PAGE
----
In Michigan Educ. Ass’n Fam. Retired Staff Ass’n v. Michigan Educ. Ass’n, No. 20-1174, __F.3d__, 2021 WL 1546129 (6th Cir. Apr. 20, 2021), the Sixth Circuit considered whether retirement healthcare benefits under an ERISA plan have vested under a collective bargaining agreement (“CBA”). Defendants-Appellees are the Michigan Education Association (“MEA”) union, Michigan Education Special Services Association and MEA Financial Services, which are nonprofit organizations that provide health insurance and retirement programs to MEA and its affiliates’ employees and retirees. Plaintiffs-Appellants include the Michigan Education Association Family Retired Staff Association (“RSA”) and two members of the association who are retired employees of Defendants. Many of RSA’s members were members of collective bargaining units represented by the United Staff Organization (“USO”). Defendants and USO entered CBAs which obligated Defendants to provide eligible retirees with healthcare benefits. The district court denied Plaintiffs’ request for a preliminary injunction because it determined that Plaintiffs were unlikely to succeed on the merits of their case. Plaintiffs contend that the retiree healthcare benefits would vest for life upon retirement because: (1) a signed “Letter of Understanding” (“LOU”)—a separate enforceable contract from the CBAs—provides for lifetime vesting and (2) Defendants’ ERISA-governed retiree medical plan explicitly states that retiree insurance benefits become vested for eligible participants.
The court found that the district court erred by not considering whether the LOU is a valid, standalone contract that vested benefits for retirees. If it is, then it would vest non-negotiable healthcare benefits to anyone who had retired by the day it was signed in 1993. Though the subsequent CBA, signed a week after the LOU, offered the sole source of the parties’ legal relationship when signed, the LOU could have vested benefits for employees who retired before the parties signed the subsequent CBA. The district court decide in the first instance whether the parties formed a contract that vested rights in the first place. The court vacated and remanded the denial of the preliminary injunction to the district court.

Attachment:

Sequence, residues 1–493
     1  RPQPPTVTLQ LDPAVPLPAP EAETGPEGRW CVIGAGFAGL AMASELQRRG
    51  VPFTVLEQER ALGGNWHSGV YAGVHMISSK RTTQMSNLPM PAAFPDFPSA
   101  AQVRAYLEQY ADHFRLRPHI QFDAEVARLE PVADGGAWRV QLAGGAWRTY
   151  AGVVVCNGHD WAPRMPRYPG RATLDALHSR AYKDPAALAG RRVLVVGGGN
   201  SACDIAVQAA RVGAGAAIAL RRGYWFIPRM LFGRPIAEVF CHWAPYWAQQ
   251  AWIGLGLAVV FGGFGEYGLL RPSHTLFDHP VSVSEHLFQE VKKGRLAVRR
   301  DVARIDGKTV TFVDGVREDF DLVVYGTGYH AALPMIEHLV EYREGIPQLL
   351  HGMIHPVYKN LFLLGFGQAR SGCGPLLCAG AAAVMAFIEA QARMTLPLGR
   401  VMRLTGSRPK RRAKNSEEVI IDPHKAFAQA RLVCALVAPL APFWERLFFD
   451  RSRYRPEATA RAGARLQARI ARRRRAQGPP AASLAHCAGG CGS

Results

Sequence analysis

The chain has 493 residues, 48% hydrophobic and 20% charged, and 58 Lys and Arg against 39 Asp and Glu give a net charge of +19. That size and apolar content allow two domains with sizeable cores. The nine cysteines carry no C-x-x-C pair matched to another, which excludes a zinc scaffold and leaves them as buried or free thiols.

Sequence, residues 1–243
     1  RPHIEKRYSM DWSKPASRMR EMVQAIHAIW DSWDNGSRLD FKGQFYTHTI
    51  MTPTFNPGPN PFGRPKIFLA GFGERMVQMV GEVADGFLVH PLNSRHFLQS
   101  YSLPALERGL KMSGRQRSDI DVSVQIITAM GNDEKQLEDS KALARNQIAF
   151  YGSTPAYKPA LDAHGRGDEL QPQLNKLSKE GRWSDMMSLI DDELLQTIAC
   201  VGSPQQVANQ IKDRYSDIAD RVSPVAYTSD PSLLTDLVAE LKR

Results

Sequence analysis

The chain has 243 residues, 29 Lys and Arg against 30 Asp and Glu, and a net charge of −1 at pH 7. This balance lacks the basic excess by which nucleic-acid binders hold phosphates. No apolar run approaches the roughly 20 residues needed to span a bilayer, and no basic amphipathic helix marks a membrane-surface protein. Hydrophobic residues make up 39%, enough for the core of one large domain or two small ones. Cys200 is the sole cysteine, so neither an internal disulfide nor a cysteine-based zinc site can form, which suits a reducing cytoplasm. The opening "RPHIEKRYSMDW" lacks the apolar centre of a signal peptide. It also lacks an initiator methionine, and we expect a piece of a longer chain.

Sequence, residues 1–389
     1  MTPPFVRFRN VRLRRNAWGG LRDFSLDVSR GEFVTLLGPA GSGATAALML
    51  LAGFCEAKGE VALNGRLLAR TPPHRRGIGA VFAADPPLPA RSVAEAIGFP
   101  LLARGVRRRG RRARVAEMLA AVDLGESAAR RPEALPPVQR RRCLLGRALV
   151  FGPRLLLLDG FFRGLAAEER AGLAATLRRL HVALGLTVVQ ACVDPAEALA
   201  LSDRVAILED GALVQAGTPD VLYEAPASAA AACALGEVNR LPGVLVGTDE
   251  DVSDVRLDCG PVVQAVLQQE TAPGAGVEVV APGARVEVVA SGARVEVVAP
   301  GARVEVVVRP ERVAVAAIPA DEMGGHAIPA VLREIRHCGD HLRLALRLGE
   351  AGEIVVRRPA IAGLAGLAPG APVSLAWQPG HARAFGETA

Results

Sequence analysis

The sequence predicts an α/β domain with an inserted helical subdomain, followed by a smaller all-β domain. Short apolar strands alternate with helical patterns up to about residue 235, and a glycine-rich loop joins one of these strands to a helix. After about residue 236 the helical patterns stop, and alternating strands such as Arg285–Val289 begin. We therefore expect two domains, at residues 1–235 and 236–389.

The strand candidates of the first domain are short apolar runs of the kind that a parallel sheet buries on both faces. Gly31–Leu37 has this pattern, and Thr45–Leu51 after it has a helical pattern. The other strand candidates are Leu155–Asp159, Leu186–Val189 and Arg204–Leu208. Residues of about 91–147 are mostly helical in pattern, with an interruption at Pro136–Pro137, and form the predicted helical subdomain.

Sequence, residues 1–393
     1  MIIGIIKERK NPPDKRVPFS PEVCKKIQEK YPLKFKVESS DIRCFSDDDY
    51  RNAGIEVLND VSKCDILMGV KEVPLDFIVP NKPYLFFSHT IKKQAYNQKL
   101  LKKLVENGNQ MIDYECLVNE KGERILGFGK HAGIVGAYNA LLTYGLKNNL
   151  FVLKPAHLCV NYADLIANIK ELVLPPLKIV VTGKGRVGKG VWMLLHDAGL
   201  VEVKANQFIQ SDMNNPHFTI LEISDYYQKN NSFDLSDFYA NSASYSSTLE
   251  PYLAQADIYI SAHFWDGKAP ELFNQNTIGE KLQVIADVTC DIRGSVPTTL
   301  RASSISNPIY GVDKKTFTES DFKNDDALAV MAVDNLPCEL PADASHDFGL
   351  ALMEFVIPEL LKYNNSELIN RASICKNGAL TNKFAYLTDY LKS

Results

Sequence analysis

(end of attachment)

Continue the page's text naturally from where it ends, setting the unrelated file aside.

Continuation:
The court found that the district court did not err by determining that the healthcare plan documents do not clearly manifest an intent for retirement healthcare benefits to vest. The court did agree with Plaintiffs that the CBA’s general durational clause does not control because the plan documents only reference sections of the CBA and not the CBAs in their entirety. However, “Plaintiffs have not shown that the language [of the plan], read in conjunction with the referenced portions of the CBAs, contains ‘clear, affirmative language’ of vesting.” For instance, the portions of the CBA do not say that the benefits become vested upon satisfaction of the eligibility requirements or other language that clearly indicates vesting. This is supported by the reservation-of-rights language in the Retiree Health Benefit Plan which allows the employer to make amendments to the plan or terminate the plan at any time. Plaintiffs have not established that the plan documents-based claim is likely to succeed on the merits. The court noted that the district court is considering a motion for judgment on the pleadings, and if it can be resolved on the pleadings, then the court should do so. But if it revisits the preliminary injunction question then it should also answer the question of irreparable harm that does not turn on the likelihood of success on the merits.
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